Linux Kernel Security - Inside the Linux Security Modules (LSMs)
Presented by Vandana Salve
The Linux Security Module (LSM) framework provides a mechanism for various security checks to be hooked by new kernel extensions.
The primary users of the LSM interface are Mandatory Access Control (MAC) extensions which provide a comprehensive security policy. Examples include SELinux, Smack, Tomoyo, and AppArmor. In addition to the larger MAC extensions, other extensions can be built using the LSM to provide specific changes to system operation when these tweaks are not available in the core functionality of Linux itself.
The topic deep dives into the
- Understanding LSMs,
- Types of LSMs,
- Architecture of LSM,
- The various hooks and the functionality provided by these hooks
Hardware Hacking: Hands-On
Presented by Colin O'Flynn
Designers releasing embedded devices need to understand what sort of hardware attacks they will face in the field. We will discuss how two different types of advanced attacks work: side channel power analysis and fault injection. Not limited to theory, we will demonstrate how they are used in practice and work through real products the attacks have been used on. Low-cost tools and open-source material will be highlighted, so the attendee can learn more details & even perform these attacks themselves.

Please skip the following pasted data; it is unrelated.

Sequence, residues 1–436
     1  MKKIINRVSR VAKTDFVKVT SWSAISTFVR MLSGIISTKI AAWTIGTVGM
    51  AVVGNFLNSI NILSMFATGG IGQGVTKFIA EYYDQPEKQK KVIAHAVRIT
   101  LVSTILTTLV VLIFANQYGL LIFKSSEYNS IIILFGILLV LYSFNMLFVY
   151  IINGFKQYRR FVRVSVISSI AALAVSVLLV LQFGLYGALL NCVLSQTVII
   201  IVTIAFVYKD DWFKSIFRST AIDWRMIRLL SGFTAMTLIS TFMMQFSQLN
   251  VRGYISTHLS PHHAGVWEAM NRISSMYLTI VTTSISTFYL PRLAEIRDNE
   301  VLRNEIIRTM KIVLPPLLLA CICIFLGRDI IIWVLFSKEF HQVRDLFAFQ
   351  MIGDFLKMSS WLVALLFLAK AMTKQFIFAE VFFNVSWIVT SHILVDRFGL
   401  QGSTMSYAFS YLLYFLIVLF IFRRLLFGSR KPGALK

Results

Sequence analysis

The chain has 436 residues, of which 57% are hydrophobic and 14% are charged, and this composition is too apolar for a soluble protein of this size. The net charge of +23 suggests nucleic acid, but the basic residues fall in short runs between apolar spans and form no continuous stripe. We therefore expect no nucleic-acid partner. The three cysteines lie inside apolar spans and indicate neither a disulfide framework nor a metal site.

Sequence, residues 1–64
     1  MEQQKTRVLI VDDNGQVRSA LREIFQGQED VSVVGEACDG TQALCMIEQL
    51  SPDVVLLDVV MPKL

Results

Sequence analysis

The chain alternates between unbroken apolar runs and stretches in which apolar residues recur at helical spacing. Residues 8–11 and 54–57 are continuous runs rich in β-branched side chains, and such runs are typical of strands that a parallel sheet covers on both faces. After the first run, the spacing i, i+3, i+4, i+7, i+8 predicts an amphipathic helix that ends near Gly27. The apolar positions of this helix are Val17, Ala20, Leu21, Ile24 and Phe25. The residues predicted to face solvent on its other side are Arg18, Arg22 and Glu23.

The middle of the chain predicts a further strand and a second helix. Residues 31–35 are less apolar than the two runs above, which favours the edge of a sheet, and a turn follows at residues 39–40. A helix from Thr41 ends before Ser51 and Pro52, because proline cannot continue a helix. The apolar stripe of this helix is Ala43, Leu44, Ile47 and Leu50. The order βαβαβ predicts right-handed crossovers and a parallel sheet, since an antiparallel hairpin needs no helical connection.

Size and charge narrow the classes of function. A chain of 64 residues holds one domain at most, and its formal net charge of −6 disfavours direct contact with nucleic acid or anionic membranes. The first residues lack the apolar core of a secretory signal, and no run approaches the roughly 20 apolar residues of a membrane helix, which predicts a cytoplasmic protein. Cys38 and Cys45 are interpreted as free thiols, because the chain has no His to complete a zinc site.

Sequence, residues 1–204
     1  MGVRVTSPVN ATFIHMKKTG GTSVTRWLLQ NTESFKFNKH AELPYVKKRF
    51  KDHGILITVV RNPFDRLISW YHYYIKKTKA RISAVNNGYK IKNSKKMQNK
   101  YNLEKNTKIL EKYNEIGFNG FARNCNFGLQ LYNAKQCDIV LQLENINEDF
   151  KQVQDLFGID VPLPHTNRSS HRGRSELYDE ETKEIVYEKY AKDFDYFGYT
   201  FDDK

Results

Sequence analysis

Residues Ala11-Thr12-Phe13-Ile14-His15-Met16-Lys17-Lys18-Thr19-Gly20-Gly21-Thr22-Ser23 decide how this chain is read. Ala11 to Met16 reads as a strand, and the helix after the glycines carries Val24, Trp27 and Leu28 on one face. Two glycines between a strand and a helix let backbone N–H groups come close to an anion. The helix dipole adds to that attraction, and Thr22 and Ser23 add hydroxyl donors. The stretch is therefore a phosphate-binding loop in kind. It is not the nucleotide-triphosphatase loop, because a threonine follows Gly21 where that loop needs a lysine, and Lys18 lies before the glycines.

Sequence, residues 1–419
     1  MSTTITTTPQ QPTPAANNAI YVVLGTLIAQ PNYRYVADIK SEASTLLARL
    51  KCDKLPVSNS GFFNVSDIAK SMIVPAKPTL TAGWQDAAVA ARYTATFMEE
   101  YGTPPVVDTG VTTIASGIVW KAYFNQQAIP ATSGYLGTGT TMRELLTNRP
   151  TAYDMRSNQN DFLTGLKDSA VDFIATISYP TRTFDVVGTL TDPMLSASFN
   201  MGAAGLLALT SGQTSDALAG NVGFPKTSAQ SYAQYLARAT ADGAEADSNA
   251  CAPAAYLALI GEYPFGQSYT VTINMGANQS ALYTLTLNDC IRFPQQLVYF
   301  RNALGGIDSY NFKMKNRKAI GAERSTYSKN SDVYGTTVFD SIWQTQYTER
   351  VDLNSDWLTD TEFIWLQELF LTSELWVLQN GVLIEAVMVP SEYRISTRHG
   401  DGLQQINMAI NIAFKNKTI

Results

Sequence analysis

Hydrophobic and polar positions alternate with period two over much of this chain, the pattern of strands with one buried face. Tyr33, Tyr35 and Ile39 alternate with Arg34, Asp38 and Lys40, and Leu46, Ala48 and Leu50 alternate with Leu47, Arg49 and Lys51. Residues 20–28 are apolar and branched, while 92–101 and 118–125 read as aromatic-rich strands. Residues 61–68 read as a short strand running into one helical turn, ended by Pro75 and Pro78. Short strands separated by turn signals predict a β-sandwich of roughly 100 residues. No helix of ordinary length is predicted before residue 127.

Defending against Hackers: Exploit Mitigations and Attacks on Arm Cortex-A Devices
Presented by Maria "Azeria" Markstedter
With the proliferation of Arm-based mobile and IoT devices, exploit mitigations for Arm-based devices are often the front-line in defending these devices from hackers. For this reason it is important to understand how they work, and their limitations. This talk will look at the most common exploit mitigations available for C/C++ programs running on the Arm Cortex-A architecture and how these mitigations work under-the-hood to block certain categories of memory-corruption-based exploits. The aim of this talk is to educate developers on how hackers can bypass individual mitigations, and the importance of combining them to increase the level of security on these devices.
Common cryptography mistakes for software engineers
Presented by Aljoscha Lautenbach